This October I had the great pleasure of meeting Fields medalist Cedric Villani. Professor Villani gave an illuminating and accessible talk about his innovative work in the study of curvature, and afterwards spent some time hanging out and chatting with a few of the attendees.
Villani is a charismatic and engaging speaker, and he provided a lot of to think about in his talk. One remark that particularly struck me was
“Mathematics, in some sense, will always involve a little pain.”
The idea resonated with me but I was curious what he meant, so I asked him about it. I was a bit surprised when he said that mathematics is unnatural, and unnatural things are always painful.
I pressed him a bit, as I didn’t quite understand. “What are the first things you learn in physics?” he asked. He was alluding to Newton’s Laws, and in particular the law of inertia: an object at rest tends to stay at rest, and an object in motion tends to stay in motion. Villani grabbed a fork from across the table, slammed it down in front of him, and gave it a push. The fork slid a short distance and stopped. “This is absurd!” he said. “It does not stay in motion!”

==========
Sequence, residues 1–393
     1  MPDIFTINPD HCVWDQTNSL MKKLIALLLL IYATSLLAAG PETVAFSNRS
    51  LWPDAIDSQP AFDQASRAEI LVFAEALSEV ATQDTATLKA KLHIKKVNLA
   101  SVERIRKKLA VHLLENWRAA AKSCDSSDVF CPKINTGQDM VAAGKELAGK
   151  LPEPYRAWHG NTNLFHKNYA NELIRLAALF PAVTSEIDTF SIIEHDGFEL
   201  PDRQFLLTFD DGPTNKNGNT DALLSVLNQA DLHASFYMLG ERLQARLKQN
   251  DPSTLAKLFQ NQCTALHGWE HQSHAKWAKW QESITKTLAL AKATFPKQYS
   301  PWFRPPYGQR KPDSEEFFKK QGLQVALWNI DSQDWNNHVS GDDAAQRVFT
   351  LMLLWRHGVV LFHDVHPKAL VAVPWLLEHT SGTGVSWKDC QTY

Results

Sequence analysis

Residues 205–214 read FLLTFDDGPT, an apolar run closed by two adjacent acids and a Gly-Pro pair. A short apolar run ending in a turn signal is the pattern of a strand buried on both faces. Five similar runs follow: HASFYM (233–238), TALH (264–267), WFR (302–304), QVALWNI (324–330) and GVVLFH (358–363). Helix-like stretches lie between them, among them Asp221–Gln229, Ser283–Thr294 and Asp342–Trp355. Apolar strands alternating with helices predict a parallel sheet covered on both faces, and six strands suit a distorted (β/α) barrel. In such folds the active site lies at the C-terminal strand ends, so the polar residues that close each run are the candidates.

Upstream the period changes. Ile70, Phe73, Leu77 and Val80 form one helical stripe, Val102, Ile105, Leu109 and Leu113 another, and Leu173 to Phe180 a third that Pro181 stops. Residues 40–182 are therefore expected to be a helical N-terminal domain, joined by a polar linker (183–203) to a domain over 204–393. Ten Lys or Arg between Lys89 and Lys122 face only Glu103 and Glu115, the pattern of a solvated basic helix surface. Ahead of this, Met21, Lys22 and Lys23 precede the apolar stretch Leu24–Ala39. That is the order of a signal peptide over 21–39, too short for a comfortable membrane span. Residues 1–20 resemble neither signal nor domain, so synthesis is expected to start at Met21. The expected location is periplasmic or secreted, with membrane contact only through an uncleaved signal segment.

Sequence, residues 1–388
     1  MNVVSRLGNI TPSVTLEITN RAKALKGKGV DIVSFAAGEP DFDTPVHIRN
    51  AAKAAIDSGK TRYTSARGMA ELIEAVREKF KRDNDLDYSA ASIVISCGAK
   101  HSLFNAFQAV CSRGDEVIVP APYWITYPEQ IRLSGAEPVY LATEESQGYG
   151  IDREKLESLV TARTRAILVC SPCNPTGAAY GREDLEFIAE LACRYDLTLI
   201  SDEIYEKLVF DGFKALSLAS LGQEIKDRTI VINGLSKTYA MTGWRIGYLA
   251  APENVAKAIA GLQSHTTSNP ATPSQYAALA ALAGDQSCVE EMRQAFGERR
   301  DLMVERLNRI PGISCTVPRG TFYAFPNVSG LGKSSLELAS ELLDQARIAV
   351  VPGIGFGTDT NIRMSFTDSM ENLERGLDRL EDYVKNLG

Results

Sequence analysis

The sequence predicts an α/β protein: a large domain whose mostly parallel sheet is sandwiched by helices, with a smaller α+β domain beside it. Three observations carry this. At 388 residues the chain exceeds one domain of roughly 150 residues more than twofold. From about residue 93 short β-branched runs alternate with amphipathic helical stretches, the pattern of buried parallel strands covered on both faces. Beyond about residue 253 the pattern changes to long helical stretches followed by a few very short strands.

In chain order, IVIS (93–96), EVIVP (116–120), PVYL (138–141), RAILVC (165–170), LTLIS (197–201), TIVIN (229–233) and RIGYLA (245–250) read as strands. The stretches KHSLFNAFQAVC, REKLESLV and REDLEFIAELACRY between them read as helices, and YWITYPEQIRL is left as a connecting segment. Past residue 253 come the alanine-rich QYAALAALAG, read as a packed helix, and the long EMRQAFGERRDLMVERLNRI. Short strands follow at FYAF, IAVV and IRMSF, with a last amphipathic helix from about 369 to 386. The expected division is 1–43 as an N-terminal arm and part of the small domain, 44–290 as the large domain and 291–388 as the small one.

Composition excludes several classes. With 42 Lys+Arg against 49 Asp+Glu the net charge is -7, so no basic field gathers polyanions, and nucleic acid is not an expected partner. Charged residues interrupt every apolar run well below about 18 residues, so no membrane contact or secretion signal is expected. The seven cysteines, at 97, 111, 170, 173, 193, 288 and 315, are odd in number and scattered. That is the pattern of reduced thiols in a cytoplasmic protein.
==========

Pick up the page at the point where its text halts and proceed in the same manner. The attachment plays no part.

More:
Physics, that is, the laws of physics, are abstractions of our experiences with the real world. Understanding that when you push something, it will stop, is natural for us; understanding the law of inertia is not. This law is an abstraction of our natural experiences, and as such, is unnatural. He went on to argue that mathematics, too, is a collection of abstractions from our experiences of the real world, and therefore is unnatural.
He made an analogy with speaking and reading: speaking is natural for humans, we are hard-wired for it. But writing is not. It does not come naturally to us. As an abstraction of speaking, writing will always be difficult for humans to learn. It will always involve a little pain. Like mathematics.
Some world-class mathematics, a little philosophy, and a mathematical autograph! All in all, a pretty good evening.